Up-Armor Your Car for Better Gas Mileage

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New manufacturing machine makes lighter and stronger cars. While working on advanced armor technologies, Decipherst developed a method of making composite panels that significantly increases their strength-to-weight ratio. In simple terms, mass-produced composite vehicle skins are now possible.

You don't need a bulletproof car, but what if you could have one that gets better gas mileage than your current vehicle and at a lower purchase price? A newly announced composite-manufacturing process makes this possible. Calculations based on the 2009 Ford Taurus show that by replacing the vehicle's sheet-metal skin with a composite skin, one so strong that it stops a .44 magnum bullet, would reduce weight by over 300 lbs and increases fuel efficiency from 28 mpg to 32 mpg hwy. Non-armor composite skins are at least 50% lighter and will save additional fuel and emissions.

While working on advanced armor technologies, Decipherst developed a method of making composite panels that significantly increases their strength-to-weight ratio. The presses, called Solid-"Hot Iso-static Press", are a fraction of the cost of current presses and rapidly produce large, complex-shaped parts. The Solid-HIP, while compact, produces very high pressures equally over large parts. In simple terms, mass-produced composite skins are now possible.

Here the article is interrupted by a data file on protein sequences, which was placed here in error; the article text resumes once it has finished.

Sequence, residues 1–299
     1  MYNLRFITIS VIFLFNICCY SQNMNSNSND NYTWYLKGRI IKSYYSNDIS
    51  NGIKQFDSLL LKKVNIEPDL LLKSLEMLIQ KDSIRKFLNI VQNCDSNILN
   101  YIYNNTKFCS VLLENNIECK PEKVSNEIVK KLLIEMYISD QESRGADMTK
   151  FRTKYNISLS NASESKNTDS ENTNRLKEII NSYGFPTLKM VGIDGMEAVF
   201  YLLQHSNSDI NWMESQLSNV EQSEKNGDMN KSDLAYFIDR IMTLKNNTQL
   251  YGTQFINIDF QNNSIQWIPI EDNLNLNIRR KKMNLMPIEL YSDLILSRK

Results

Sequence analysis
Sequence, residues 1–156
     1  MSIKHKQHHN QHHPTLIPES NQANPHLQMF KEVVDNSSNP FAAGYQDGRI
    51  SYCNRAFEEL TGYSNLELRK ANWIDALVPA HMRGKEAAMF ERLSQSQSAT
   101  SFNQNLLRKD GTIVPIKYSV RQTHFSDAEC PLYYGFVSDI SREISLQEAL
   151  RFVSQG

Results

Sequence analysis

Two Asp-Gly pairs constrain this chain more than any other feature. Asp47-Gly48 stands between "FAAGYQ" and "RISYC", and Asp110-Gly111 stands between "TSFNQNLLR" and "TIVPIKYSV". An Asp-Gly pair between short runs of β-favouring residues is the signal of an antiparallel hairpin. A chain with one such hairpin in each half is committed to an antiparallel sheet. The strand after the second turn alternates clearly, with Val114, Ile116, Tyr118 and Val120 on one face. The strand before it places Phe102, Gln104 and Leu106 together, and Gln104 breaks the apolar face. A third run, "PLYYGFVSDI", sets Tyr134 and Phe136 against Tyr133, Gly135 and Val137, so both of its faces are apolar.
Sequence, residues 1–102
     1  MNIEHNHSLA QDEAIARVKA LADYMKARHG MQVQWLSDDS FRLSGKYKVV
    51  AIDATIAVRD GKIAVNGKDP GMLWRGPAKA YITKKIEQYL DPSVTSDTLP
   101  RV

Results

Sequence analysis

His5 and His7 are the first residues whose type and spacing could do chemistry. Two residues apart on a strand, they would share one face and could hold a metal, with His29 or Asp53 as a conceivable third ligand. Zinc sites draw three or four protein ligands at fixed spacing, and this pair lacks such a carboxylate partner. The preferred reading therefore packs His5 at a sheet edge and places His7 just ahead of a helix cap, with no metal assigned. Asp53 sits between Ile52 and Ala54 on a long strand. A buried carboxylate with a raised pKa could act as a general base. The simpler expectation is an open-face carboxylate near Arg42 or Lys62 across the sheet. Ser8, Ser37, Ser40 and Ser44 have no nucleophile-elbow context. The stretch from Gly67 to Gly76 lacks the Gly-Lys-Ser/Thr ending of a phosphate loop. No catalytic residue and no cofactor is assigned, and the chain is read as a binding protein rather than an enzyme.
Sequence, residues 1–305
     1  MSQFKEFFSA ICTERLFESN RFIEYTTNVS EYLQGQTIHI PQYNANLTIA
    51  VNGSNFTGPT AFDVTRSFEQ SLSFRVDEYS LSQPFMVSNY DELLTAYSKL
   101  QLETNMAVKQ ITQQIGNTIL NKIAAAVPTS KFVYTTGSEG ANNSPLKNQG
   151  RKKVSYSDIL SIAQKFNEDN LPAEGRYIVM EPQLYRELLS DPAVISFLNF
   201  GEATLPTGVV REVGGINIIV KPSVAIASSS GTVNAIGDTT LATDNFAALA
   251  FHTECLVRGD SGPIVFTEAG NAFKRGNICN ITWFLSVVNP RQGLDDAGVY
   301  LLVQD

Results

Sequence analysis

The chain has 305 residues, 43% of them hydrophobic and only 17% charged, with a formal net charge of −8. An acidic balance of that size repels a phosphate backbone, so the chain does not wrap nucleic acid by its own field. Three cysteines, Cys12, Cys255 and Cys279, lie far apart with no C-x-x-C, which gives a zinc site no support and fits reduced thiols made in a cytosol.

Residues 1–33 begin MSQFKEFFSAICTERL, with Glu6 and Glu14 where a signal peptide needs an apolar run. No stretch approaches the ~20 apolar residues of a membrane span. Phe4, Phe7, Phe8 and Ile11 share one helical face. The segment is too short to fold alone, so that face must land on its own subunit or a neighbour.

"These materials won't be in cars this year," acknowledges the company's CEO, Brace E. Barber, "but the fact remains that one day very soon, steel will be replaced by composites, and our machines are a leap forward in that evolution."

The automobile industry is in serious trouble directly related to the size and weight of vehicles. According to CNN, "For the first four months of this year, truck and SUV sales are down a collective 24.8 percent." The CAFE standards for passenger vehicles will rise from the current 27.5 mpg to 35.7 mpg by 2015. Estimates show that the Solid-HIP composites will carry the industry more than half way to the new standards.

The transition from steel to composites will take several years but the fuel savings and lower emissions will be well worth the effort. The difficulty of the conversion for automakers is reduced significantly by the introduction of the Solid-HIP system. Automakers will have immediate access to custom-made, low-cost machines that can replace their existing processes. This process will go a long way to making the automobile industry bullet proof, even if the cars aren't.

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Decipherst, Inc.
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